Things start to become militarized when their legitimacy depends on their associations with military goals. When something becomes militarized, it appears to rise in value. Militarization is seductive.
But it is really a process of loss. Even though something seems to gain value by adopting an association with military goals, it actually surrenders control and gives up the claim to it own worthiness.
Militarization is a sneaky sort of transformative process. Sometimes it is only in the pursuit of demilitarization that we become aware of just how far down the road of complete militarization we’ve gone. Representative Barbara Lee (D.-Calif.) pulled back the curtain in the aftermath of the September 11 attacks when she cast the lone vote against giving George W. Bush carte blanche to wage war. The loneliness of her vote suggested how far the militarization of Congress—and its voters back home—has advanced. In fact, since September 11, publicly criticizing militarization has been widely viewed as an act of disloyalty.
Whole cultures can be militarized. It is a militarized U.S. culture that has made it easier for Bush to wage war without most Americans finding it dangerous to democracy. Our cultural militarization makes war-waging seem like a comforting reconfirmation of our collective security, identity, and pride.
Other sectors of U.S. culture have also been militarized:
Education. School board members accept Jr. ROTC programs for their teenagers, and social studies teachers play it safe by avoiding discussions of past sexual misconduct by U.S. soldiers overseas. Many university scientists pursue lucrative Defense Department weapons research contracts.
Soldiers’ girlfriends and wives. They’ve been persuaded that they are “good citizens” if they keep silent about problems in their relationships with male soldiers for the sake of their fighting effectiveness.
Beauty. This year, the Miss America Pageant organizers selected judges with military credentials, including a former Secretary of the Navy and an Air Force captain.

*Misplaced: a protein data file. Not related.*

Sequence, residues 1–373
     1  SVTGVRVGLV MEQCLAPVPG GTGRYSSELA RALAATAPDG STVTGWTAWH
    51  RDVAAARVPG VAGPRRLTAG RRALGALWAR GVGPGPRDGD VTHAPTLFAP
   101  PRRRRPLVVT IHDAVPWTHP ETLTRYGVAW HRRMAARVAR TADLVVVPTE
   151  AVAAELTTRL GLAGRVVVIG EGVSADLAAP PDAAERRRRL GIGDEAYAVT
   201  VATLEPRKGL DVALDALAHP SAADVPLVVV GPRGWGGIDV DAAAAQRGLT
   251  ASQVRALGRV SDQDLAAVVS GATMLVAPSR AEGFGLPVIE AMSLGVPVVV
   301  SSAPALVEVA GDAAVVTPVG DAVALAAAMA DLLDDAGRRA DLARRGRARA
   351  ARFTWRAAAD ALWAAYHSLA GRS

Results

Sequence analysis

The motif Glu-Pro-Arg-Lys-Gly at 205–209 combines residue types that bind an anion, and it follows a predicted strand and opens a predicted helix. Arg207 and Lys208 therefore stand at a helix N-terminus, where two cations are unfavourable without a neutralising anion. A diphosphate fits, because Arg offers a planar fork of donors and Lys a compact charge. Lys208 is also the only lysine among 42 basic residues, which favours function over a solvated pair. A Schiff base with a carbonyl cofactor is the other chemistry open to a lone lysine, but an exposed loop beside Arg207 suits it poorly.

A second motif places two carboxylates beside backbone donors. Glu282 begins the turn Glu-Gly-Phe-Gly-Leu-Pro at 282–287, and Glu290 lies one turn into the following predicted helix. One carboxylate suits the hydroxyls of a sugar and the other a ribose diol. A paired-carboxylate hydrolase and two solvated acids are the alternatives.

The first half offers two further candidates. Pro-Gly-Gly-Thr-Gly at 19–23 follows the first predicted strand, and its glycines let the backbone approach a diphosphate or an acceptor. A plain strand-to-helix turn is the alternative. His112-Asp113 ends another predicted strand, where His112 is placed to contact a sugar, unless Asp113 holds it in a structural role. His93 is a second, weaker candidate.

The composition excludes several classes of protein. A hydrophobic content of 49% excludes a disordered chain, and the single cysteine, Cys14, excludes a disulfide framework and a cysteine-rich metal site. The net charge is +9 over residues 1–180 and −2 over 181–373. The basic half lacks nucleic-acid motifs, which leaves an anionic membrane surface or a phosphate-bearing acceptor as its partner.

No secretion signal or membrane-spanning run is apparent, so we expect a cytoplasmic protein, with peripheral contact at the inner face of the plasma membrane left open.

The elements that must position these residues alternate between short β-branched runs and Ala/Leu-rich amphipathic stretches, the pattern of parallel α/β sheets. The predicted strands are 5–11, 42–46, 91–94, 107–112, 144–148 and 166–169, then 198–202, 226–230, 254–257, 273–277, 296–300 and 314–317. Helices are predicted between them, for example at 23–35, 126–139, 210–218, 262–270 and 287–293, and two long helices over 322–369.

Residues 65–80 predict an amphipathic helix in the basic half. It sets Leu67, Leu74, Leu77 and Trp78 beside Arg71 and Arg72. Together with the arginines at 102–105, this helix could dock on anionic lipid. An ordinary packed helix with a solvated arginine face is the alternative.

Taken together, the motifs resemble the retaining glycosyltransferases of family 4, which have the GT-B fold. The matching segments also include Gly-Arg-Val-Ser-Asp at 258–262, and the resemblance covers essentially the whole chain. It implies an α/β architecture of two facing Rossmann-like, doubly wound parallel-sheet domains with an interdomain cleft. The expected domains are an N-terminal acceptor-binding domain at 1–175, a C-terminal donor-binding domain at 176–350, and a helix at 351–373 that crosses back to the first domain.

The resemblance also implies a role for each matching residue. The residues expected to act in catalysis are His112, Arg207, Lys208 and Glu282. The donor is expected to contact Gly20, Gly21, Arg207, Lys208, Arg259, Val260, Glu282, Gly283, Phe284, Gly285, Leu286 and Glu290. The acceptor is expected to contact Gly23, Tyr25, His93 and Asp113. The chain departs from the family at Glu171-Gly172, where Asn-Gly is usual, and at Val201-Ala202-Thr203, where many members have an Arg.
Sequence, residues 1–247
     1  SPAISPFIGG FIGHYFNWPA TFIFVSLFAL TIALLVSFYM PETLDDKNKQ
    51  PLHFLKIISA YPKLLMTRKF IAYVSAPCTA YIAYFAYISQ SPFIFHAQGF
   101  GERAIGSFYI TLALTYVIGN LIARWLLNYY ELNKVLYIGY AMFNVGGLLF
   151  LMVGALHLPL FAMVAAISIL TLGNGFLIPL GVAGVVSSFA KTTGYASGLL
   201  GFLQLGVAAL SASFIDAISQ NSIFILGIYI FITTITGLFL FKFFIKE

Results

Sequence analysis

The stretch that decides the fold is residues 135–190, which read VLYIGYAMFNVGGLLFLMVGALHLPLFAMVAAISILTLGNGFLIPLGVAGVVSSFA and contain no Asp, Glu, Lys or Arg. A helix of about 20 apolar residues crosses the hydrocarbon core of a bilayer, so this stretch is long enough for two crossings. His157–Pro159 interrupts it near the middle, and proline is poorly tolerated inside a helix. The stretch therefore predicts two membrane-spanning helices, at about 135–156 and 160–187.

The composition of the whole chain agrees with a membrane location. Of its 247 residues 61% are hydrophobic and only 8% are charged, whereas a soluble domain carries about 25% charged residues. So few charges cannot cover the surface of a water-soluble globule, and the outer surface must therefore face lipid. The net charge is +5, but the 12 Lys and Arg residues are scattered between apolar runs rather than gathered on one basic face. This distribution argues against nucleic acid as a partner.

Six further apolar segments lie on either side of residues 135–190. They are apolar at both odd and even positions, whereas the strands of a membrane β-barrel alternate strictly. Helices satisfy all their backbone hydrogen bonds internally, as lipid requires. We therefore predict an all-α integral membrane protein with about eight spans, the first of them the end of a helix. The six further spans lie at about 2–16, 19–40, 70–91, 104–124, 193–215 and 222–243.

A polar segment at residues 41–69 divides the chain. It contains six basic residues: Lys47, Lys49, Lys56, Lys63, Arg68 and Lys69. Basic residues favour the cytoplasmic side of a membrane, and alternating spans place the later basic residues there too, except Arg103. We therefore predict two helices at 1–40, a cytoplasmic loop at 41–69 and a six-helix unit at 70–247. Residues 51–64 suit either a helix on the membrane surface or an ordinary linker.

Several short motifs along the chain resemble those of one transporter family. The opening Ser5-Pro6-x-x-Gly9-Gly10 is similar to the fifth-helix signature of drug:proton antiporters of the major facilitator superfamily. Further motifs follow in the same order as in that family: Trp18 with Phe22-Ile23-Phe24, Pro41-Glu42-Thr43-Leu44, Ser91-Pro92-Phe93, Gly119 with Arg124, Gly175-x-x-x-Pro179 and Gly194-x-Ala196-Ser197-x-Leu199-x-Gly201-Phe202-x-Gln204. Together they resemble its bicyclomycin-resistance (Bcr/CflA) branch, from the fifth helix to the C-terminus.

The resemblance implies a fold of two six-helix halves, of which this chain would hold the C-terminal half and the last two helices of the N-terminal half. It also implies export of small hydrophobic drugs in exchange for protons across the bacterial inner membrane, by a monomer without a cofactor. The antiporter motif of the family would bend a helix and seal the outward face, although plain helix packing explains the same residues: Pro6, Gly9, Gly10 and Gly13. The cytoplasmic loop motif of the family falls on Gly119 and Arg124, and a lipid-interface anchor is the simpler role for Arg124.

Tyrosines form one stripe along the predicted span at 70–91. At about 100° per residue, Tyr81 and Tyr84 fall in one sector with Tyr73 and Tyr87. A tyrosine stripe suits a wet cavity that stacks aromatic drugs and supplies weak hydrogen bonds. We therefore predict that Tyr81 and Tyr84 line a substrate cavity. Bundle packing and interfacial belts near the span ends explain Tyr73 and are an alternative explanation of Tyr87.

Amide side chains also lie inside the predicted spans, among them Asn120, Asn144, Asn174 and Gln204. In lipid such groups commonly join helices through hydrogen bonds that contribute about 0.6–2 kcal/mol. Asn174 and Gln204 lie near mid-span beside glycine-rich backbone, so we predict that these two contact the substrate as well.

Cars. The Humvee ranks among the more bovine vehicles to clog U.S. highways, yet civilians think they will be feared and admired if they drive them.
Then there is the conundrum of the flag. People who reject militarization may don a flag pin, unaware that doing so may convince those with a militarized view of the U.S. flag that their bias is universally shared, thus deepening the militarization of culture.
The events of post-September 11 have also shown that many Americans today may be militarizing non-U.S. women’s lives. It was only after Bush declared “war on terrorists and those countries that harbor them” that the violation of Afghan women’s human rights took center stage. Here’s the test of whether Afghan women are being militarized: if their well-being is worthy of our concern only because their lack of well-being justifies the U.S.’s bombing of Afghanistan, then we are militarizing Afghan women—as well as our own compassion. We are thereby complicit in the notion that something has worth only if it allows militaries to achieve their missions.
It’s important to remember that militarization has its rewards, such as newfound popular support for measures formerly contested. For example, will many Americans now be persuaded that drilling for oil in the Alaskan wilderness is acceptable because it will be framed in terms of “national security”? Will most U.S. citizens now accept government raids on the Social Security trust fund in the name of paying for the war on terrorism? Women’s rights in the U.S. and Afghanistan are in danger if they become mere by-products of some other cause. Militarization, in all its seductiveness and subtlety, deserves to be bedecked with flags wherever it thrives- fluorescent flags of warning.
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